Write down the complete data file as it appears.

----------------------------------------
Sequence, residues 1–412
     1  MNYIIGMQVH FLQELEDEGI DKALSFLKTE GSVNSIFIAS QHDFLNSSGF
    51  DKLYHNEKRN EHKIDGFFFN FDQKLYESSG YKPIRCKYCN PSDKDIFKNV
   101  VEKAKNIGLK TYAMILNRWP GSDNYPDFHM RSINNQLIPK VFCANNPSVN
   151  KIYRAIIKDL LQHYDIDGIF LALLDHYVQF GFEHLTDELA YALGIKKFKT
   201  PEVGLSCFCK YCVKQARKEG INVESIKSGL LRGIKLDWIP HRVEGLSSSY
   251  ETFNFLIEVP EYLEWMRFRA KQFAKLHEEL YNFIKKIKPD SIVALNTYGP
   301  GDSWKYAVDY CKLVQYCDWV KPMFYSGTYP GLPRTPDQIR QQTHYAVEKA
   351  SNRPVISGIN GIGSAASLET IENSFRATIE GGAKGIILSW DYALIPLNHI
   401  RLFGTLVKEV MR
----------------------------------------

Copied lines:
Sequence, residues 1–412
     1  MNYIIGMQVH FLQELEDEGI DKALSFLKTE GSVNSIFIAS QHDFLNSSGF
    51  DKLYHNEKRN EHKIDGFFFN FDQKLYESSG YKPIRCKYCN PSDKDIFKNV
   101  VEKAKNIGLK TYAMILNRWP GSDNYPDFHM RSINNQLIPK VFCANNPSVN
   151  KIYRAIIKDL LQHYDIDGIF LALLDHYVQF GFEHLTDELA YALGIKKFKT
   201  PEVGLSCFCK YCVKQARKEG INVESIKSGL LRGIKLDWIP HRVEGLSSSY
   251  ETFNFLIEVP EYLEWMRFRA KQFAKLHEEL YNFIKKIKPD SIVALNTYGP
   301  GDSWKYAVDY CKLVQYCDWV KPMFYSGTYP GLPRTPDQIR QQTHYAVEKA
   351  SNRPVISGIN GIGSAASLET IENSFRATIE GGAKGIILSW DYALIPLNHI
   401  RLFGTLVKEV MR